Jewish Soldiers Fighting Enemies, And Stereotypes


This Monday is Memorial Day.

For most of us that means no work — a holiday that is more about family barbecues and shopping sales than remembering those who gave their lives to protect our freedom. 

That’s especially true for a Jewish community that knows few who serve in today’s all-volunteer military. Can you name even two people in active service? How about one?

David Everett can.

Just over a year ago, on May 20, 2009, a roadside bomb near Kabul, Afghanistan, took the lives of Army Reserve Lt. Col. Shawn Pine, 51, of San Antonio, and Air Force First Lt. Roslyn (Roz) Schulte, 25, of St. Louis. Both were Jewish. 

Everett, 57, an attorney from Westchester and U.S. Reserve Officer who served for five months in Afghanistan last year as a senior military adviser to the police chief of Kabul, was one of several hundred to attend an emotional memorial service for Pine and Schulte at Camp Eggers in Kabul.

Fortunately, he said, a Jewish chaplain based in Kuwait happened to be in the area and was able to officiate.

Everett knew Schulte. “We’d had a couple of nice conversations. She was a wonderful human being. She could have been my daughter,” he said. “How devastating to lose a child like that.”

But such tragedies, he acknowledges, “are just not on the radar for most people.”

Everett, who has served in Afghanistan, Iraq, and the Persian Gulf, says that when he tells people in the Jewish community of his three decades of military service, they tend to express surprise and curiosity.

“Some of it is supportive, but there’s a lot of ambivalence,” he says, with the clear implication that most Jews see the military life as not for those with the educational and economic means to avoid it.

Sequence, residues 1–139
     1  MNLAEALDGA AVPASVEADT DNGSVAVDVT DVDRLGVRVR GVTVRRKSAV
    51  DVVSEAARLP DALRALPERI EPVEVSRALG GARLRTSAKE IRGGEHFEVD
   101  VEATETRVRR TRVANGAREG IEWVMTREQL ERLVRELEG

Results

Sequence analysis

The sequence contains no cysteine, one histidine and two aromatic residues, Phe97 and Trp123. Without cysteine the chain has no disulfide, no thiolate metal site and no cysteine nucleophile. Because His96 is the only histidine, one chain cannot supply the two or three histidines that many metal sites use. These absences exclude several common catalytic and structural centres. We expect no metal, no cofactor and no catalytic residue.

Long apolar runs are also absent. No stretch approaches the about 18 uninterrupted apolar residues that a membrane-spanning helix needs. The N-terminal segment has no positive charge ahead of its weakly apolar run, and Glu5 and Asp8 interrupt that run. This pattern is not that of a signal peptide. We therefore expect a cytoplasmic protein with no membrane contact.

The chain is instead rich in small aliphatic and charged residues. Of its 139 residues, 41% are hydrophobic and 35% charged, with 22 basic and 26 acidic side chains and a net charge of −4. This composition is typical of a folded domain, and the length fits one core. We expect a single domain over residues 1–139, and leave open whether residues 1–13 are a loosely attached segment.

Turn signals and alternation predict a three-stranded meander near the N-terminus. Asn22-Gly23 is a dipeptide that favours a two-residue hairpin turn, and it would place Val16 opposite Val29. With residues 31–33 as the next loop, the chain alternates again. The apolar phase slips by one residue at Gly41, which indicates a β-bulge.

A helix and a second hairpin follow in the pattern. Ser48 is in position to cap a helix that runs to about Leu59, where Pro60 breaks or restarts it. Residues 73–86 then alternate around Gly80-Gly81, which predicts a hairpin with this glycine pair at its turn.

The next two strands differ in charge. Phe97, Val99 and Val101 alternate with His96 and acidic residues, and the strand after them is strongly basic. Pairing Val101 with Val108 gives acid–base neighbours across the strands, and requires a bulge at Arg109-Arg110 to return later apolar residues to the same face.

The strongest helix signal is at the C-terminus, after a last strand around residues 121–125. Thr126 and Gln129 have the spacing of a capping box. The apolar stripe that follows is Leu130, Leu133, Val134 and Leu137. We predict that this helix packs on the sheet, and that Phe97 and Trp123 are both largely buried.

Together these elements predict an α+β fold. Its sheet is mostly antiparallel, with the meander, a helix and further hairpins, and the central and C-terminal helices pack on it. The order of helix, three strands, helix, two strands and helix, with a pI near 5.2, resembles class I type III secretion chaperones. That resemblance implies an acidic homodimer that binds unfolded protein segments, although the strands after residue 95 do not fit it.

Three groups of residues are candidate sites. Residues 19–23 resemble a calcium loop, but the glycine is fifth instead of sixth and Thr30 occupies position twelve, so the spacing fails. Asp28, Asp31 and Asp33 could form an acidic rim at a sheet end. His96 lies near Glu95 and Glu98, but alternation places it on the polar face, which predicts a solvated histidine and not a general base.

Everett is the first to say that the military is not for everyone. “It’s very regimented, you have to take orders and you are in harm’s way. But for me,” he asserts, “it was a great experience and helped me mature as a young man. It taught me to get along with very different kinds of people, and it taught me leadership skills.

“Most of all,” he said, “it gave me the opportunity to serve my country, which has done so much for me and my family.”

While he believes his three teenage children should make their own career choices, Everett says he was “greatly influenced” as a youngster by the knowledge that his Uncle Freddy, his mother Edith’s brother, was killed in action over Germany in World War II. His father and other uncles also served, which was not uncommon at the time.

In fact, at the end of that war, an estimated one in 10 Americans was in the service. Today, even with the U.S. fighting wars on two fronts, only one in 221 Americans is on active duty, according to reports.

‘Not In Vogue

To Enlist’

About 1 percent of the U.S. military is Jewish, says Rabbi Harold Robinson, director of the JWB Jewish Chaplains Council in New York. That means there are approximately 1,500 Jews serving in Iraq and 750 in Afghanistan. Since they are spread out over such large areas, there is little concentration of Jews, though they come together in small groups for seders, High Holy Day services and Shabbat services and meals, when possible.

David Everett would like to see greater enlistment among Jews. “It’s important to be on the front lines for democracy,” he asserts, though he notes that it’s “not in vogue to enlist.”

One young woman who did sign up, initially against her family’s wishes, is Stephanie Koerner, 26, who joined the ROTC program at Syracuse University as a freshman and “never stopped going.”

It was 2002, and “we knew we were going to war,” she said during a recent interview. “That scared me, but it was something I wanted to do.”

She served more than four-and-a-half years overseas, including two deployments in Iraq, one for nine months and then again for 10 months, in the transportation corps.